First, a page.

Muay Thai courses in Pai typically cost around 3,000 Baht a week which will also include budget accommodation
The Chinese Village
The Chinese village was established by refugees who fled from China during the 1960s’ and all those years they remained living in Pai. But the Chinese Village here is not like any other ‘China Town’s’ you find in almost every city on the planet. There are plenty of things to do here including Donkey Riding and even a human-powered Ferris wheel. Which is fun, but also a little sketchy.
But my favourite thing to do here was to get a pot of green tea and just chill out. Taking in the remarkable views.
Go Tubing Down The River
There are a few spots in Thailand where you can go tubing. A natural ‘lazy river’, the tubing in Khao Sok national park is epic, but it didn’t quite compare to tubing in Pai. It’s not the most popular thing to do in Pai which is a bonus. You don’t have too many other travellers hanging around as you might find at the Pai Canyon or the Pai Hot Springs.
It’s very relaxed and you can rent a tube (which is just a tractor inner tube) and float down the river. Bring along a few beers, but make sure you tie them onto the tube or, like me, you’ll watch as your last beer floats away on its own down the river. Never to be seen again.
You can book tubing in most hostels and guesthouses. It typically costs about 300 baht to hire a tube and the driver will be waiting for you at the bottom of the river in a pick-up truck to drive back to the top. It takes about 30 minutes to get down the river- which is about four kilometres long.
Kiew Lom Viewpoint
Pai is full of viewpoints. Which should come as no surprise, seeing as the town is located in the mountains, in one of the most beautiful places on earth.
One of the most popular viewpoints is Kiew Lom. And the view from the top is spectacular. But It’s not one you can walk to. You’ll need to rent a scooter to get here- or most tours of Pai will include a stop.
Pai Mud Spa
Phu Klon or the Pai mud spa is one of the most unique things to do in Pai. This is one of only three natural mud spa’s in the world and the only one in Thailand. So don’t miss out on it while you are in Pai. It might sound gross at first but the minerals in the mud are actually great for the skin and the circulation system.
Even if covering your face in mud doesn’t sound like something you’d want to do in Pai then you can still relax in the hot springs. The springs here get much hotter than the more popular Sai Ngam springs, temperatures can reach over 90 degrees celsius. The springs get so hot that one of the novel things you can do here is to buy a poached egg, which you can watch being cooked in the spring.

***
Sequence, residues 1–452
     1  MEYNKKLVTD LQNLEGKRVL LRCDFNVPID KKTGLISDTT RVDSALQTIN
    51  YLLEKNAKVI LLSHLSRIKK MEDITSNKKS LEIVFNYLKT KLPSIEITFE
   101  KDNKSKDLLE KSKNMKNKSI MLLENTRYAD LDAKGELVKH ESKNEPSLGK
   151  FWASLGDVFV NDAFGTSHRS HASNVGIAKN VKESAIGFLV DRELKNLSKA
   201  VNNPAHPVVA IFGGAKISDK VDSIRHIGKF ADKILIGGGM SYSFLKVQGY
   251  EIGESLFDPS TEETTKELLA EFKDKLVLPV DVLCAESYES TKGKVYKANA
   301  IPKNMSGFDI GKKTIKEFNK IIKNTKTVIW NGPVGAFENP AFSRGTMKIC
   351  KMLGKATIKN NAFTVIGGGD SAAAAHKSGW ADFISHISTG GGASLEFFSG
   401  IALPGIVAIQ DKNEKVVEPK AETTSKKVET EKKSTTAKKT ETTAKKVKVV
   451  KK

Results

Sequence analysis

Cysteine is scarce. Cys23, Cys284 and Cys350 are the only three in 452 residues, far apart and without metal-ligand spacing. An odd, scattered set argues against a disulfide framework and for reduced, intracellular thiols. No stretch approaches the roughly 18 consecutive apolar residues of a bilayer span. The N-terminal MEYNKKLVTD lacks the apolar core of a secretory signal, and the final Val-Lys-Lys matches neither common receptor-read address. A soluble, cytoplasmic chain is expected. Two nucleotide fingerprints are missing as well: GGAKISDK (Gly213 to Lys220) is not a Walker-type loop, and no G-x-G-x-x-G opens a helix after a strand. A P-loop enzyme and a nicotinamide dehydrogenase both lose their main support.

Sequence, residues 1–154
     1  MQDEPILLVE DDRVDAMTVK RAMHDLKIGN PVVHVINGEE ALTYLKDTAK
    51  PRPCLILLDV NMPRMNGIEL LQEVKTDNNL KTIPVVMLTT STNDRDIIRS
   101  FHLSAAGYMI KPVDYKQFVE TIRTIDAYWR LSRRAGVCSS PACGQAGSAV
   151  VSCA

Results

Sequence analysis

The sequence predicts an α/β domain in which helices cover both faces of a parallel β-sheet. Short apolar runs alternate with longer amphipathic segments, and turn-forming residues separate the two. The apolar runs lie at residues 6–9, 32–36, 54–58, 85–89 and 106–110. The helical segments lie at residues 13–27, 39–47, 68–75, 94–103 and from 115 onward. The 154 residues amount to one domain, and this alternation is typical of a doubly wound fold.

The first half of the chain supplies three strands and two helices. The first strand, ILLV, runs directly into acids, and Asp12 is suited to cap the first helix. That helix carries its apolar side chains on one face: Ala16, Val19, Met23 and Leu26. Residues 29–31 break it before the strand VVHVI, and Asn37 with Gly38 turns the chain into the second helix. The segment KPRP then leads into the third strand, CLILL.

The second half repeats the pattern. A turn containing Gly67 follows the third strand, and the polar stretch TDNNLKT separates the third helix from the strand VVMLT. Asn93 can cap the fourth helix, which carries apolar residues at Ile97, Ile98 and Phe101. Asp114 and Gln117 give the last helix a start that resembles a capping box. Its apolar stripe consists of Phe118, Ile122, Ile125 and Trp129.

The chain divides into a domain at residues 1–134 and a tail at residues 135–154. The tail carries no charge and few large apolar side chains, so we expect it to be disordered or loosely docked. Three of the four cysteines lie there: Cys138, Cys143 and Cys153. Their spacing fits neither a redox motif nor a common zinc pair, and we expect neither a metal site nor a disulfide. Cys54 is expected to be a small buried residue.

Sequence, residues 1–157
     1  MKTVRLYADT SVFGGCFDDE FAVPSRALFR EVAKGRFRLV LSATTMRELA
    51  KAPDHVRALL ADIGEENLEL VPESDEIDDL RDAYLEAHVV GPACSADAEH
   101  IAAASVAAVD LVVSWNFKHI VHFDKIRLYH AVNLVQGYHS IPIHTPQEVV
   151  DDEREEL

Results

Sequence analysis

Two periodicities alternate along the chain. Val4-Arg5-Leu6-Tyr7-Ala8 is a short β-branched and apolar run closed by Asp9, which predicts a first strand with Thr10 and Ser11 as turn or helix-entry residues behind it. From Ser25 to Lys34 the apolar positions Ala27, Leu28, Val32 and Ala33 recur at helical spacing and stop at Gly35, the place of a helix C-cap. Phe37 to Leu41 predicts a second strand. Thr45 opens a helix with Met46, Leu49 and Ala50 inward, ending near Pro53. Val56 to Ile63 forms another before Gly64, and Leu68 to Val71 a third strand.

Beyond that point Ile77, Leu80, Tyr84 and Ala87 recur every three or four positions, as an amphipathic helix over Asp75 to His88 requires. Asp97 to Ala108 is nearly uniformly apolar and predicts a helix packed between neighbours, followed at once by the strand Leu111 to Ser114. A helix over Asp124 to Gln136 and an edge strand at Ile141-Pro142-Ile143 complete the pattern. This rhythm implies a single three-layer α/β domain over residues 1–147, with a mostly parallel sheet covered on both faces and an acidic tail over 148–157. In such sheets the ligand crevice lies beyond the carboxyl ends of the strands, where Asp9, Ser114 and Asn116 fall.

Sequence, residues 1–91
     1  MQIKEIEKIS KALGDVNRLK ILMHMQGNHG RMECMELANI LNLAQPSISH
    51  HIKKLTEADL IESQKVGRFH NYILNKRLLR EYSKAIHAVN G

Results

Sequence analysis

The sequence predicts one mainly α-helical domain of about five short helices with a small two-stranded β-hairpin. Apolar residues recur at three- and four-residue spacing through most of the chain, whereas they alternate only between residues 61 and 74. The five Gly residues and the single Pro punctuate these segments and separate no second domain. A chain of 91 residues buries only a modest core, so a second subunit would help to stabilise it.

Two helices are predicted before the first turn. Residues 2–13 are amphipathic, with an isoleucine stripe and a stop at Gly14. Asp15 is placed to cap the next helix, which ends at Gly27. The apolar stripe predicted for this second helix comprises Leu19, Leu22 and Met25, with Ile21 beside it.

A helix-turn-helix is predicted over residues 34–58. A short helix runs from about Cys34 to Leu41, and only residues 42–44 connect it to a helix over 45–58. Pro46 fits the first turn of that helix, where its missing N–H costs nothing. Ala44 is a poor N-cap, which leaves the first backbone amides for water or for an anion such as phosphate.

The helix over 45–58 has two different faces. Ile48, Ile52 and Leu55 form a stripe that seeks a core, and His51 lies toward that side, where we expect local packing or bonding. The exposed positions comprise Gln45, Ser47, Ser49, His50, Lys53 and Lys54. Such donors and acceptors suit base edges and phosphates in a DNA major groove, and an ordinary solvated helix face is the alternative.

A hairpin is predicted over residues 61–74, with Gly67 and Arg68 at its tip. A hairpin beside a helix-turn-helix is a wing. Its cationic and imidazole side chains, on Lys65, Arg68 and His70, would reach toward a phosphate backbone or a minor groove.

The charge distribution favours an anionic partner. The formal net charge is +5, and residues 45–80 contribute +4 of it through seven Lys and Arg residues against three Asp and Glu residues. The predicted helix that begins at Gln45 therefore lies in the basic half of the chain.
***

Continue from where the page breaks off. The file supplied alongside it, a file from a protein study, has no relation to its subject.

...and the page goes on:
Or you can even get a relaxing Thai massage at the side of the springs.
Either way it’s defiantly worth a visit while you’re in Pai.
Nam Hoo Temple
Being the Buddhist country it is, Thailand is packed full of beautiful and unique temples. Pai is no different.
But if you’ve spent any time in Bangkok or Chiang Mai, you’ll know that visiting temples quickly becomes repetitive. But the Nam Hoo Temple is unique. The architecture of this temple resembles a local house, rather than the usual golden temple style you’d expect to see.
Inside, there is a beautifully carved Buddha statue which has become legendary in Pai. The statues head is hollow and becomes mysteriosly filled with what locals believe to be the holy water. The water is said to rid people from thier sickness and missfortue, bringing good luck to those who visit.
Pai Land Crack
This is one of the more quirky things you can do in Pai. There is not a whole lot going on there, but it will kill an afternoon and is a pretty unique attraction. The Pai land crack or the land split
is was in a farmers field.
After an earthquake hit Pai in 2008 it formed a canyon through the middle of what was previously a farm. Nowadays it’s become a tourist attraction. There isn’t any cost to visit here, but donations are encouraged and as the landowners have lost all their income from the farm, fair game.
There are much better things to do in Pai but it is a cool spot to take some photos, and it’s less crowded than the Pai Canyon. The crack has been continuously widening since it was created in 2008.